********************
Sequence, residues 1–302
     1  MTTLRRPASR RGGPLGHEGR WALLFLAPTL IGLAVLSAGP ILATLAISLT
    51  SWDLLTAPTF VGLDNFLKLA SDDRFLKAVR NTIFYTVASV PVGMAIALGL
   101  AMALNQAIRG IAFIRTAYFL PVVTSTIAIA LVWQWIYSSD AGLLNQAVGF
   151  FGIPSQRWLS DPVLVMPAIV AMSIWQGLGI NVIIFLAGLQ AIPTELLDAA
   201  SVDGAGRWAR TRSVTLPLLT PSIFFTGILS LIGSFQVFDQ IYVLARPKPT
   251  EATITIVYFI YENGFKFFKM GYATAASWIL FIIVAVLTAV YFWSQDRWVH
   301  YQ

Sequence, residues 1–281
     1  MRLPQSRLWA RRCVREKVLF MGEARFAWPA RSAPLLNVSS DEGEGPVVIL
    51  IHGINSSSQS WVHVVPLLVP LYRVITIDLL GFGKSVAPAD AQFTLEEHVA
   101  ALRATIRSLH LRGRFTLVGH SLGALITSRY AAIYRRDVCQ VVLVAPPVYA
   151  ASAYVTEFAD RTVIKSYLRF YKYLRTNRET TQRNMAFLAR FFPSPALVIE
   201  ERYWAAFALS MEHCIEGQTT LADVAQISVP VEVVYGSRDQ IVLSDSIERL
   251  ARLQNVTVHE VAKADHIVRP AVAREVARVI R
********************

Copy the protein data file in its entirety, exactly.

Sequence, residues 1–302
     1  MTTLRRPASR RGGPLGHEGR WALLFLAPTL IGLAVLSAGP ILATLAISLT
    51  SWDLLTAPTF VGLDNFLKLA SDDRFLKAVR NTIFYTVASV PVGMAIALGL
   101  AMALNQAIRG IAFIRTAYFL PVVTSTIAIA LVWQWIYSSD AGLLNQAVGF
   151  FGIPSQRWLS DPVLVMPAIV AMSIWQGLGI NVIIFLAGLQ AIPTELLDAA
   201  SVDGAGRWAR TRSVTLPLLT PSIFFTGILS LIGSFQVFDQ IYVLARPKPT
   251  EATITIVYFI YENGFKFFKM GYATAASWIL FIIVAVLTAV YFWSQDRWVH
   301  YQ

Sequence, residues 1–281
     1  MRLPQSRLWA RRCVREKVLF MGEARFAWPA RSAPLLNVSS DEGEGPVVIL
    51  IHGINSSSQS WVHVVPLLVP LYRVITIDLL GFGKSVAPAD AQFTLEEHVA
   101  ALRATIRSLH LRGRFTLVGH SLGALITSRY AAIYRRDVCQ VVLVAPPVYA
   151  ASAYVTEFAD RTVIKSYLRF YKYLRTNRET TQRNMAFLAR FFPSPALVIE
   201  ERYWAAFALS MEHCIEGQTT LADVAQISVP VEVVYGSRDQ IVLSDSIERL
   251  ARLQNVTVHE VAKADHIVRP AVAREVARVI R